Ruth Rudner
Ruth Rudner

David Muench's National Parks


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Earlier this month, after a great deal of effort on the part of several conservation organizations, the U.S. Fish and Wildlife Service announced its decision to designate habitat critical to the survival of the jaguar, and to develop a long-term recovery plan for this endangered animal.

Although the decision to create a recovery plan was mandated 14 years ago, when the jaguar was listed as endangered, the Service decided in 1997 and again in 2006 that designating critical habitat was “not prudent.” This reversal strikes me as monumental, acknowledging as it does the jaguar’s right to life, and the necessity of habitat to support that life. 

Every animal on earth has a right to exist.  More.  Every animal’s existence is a necessity for the health of the earth.  Only when an ecosystem’s full component of animals live within their historical habitat is the earth in balance.  That means predators, prey, vegetation that sustains that prey, and clean water for us all. 

Every time we act to restore decimated populations of the magnificent animals originally part of the American landscape, we restore a part of our own heritage.  Evolving as a nation on a continent where wildlife and wildland lived in balance, we have an obligation to restore what we have destroyed.  America has land enough to share.  In designating habitat critical to the survival of the jaguar, and developing a long-term recovery plan for this animal – one as American as the grizzly bear, the bald eagle and the buffalo – the U.S. Fish & Wildlife Service acknowledges the necessity of wildness for a healthy land.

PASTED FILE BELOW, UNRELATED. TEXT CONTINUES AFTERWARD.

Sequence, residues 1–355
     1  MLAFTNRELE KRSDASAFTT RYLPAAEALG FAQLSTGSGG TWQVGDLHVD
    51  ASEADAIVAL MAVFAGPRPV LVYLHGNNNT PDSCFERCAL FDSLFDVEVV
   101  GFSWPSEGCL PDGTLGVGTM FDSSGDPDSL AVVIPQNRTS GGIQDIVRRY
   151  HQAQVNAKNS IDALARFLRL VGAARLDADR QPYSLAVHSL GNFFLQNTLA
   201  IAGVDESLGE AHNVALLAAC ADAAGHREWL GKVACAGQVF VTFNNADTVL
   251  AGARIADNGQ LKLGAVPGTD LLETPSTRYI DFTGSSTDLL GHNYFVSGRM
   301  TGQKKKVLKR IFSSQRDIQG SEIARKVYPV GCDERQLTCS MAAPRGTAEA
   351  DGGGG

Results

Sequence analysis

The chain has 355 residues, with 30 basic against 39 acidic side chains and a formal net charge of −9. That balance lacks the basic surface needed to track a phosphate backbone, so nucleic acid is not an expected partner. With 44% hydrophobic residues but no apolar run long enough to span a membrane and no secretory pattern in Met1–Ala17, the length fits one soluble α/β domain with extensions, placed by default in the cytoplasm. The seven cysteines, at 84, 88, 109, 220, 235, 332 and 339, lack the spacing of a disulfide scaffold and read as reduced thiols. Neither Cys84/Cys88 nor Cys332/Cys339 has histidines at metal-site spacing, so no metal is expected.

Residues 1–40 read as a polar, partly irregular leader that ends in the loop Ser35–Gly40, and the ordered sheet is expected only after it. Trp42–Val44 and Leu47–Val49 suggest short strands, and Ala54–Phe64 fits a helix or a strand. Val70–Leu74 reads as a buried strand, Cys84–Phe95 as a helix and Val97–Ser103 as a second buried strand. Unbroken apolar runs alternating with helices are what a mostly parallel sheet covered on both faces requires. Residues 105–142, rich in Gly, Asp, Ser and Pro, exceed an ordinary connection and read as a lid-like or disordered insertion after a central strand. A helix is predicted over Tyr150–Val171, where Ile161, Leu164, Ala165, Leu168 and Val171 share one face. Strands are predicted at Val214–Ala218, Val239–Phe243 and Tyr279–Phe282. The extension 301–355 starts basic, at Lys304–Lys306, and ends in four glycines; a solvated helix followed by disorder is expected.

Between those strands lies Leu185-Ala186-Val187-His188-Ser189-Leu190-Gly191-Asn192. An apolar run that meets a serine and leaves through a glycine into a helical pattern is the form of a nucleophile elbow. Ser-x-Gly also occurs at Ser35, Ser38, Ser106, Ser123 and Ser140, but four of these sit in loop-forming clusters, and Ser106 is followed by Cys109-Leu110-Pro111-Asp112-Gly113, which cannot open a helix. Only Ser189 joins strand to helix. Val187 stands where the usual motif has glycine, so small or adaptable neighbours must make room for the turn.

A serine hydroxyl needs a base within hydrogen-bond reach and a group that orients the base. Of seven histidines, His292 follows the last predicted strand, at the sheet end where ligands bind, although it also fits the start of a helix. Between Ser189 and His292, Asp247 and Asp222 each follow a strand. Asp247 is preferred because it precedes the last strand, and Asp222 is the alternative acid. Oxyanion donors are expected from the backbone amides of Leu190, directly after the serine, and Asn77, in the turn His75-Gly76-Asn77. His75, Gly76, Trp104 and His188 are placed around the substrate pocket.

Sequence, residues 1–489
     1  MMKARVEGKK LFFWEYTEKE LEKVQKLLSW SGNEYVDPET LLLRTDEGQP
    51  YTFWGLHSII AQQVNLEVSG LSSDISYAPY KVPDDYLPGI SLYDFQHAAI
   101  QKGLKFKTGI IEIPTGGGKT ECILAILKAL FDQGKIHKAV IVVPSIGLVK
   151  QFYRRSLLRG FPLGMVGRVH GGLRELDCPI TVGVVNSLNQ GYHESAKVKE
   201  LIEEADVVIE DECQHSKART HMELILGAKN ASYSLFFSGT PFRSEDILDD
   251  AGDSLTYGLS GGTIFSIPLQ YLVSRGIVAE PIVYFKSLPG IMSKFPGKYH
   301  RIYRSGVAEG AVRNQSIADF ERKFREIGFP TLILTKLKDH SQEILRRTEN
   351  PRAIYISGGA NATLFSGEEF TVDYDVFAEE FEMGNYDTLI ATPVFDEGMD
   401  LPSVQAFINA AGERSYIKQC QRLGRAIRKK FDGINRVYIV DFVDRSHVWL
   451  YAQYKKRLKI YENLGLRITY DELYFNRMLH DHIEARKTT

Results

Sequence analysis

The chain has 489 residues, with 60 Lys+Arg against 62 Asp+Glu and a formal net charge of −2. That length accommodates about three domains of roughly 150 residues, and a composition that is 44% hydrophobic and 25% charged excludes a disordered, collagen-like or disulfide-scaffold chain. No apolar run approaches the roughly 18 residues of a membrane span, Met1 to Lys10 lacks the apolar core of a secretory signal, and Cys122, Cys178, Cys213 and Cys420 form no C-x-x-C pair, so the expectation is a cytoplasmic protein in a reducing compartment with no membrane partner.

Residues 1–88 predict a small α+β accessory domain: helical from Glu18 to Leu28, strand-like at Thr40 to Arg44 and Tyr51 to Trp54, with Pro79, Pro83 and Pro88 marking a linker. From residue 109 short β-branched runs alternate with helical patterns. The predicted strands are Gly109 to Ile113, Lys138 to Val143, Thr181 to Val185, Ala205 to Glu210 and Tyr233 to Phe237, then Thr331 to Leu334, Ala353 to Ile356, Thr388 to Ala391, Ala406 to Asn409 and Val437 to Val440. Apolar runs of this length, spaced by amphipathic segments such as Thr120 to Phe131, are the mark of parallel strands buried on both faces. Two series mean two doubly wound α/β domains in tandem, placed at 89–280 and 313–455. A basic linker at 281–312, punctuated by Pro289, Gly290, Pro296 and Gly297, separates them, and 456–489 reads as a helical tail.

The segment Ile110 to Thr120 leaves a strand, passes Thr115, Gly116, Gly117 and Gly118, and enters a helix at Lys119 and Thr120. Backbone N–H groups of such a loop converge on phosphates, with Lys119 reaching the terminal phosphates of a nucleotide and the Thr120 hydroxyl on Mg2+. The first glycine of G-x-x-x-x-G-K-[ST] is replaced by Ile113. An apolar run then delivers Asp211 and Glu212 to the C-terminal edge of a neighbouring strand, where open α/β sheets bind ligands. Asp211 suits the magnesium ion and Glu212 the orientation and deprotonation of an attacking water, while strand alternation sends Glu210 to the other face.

Until the 1900s, jaguars ranged from California to Louisiana.  But by 1997 sightings of the largest cat in the Americas (third largest in the world –after lions and tigers) were limited to southwestern New Mexico and southeastern Arizona.  (The last known jaguar in the U.S.—Macho B—was killed last year in a bungled capture attempt by wildlife agencies.  Macho B had roamed the wildlands of southern Arizona for at least 13 years, elusive, but known.)  Even in Latin America, the only place they now live, jaguar habitat is being destroyed to accommodate development.  A stepped up protection of jaguar migration corridors between the U.S. and Mexico must be a part of Fish & Wildlife’s plan.  We may be—in the U.S.—touchy about that border, but wildlife does not recognize borders. (There are many things we can learn from wildlife).

It’s good to see the Fish & Wildlife Service pull together a plan based on science rather than politics, but, to give the jaguar a fighting chance, it will be even better to see it all happen as quickly as possible.   

For more information about jaguars, go to the Defenders of Wildlife website. 


Obviously, I did not begin the blog I announced in December.  Will I ever?  Maybe.

Copyright © 2010 Ruth Rudner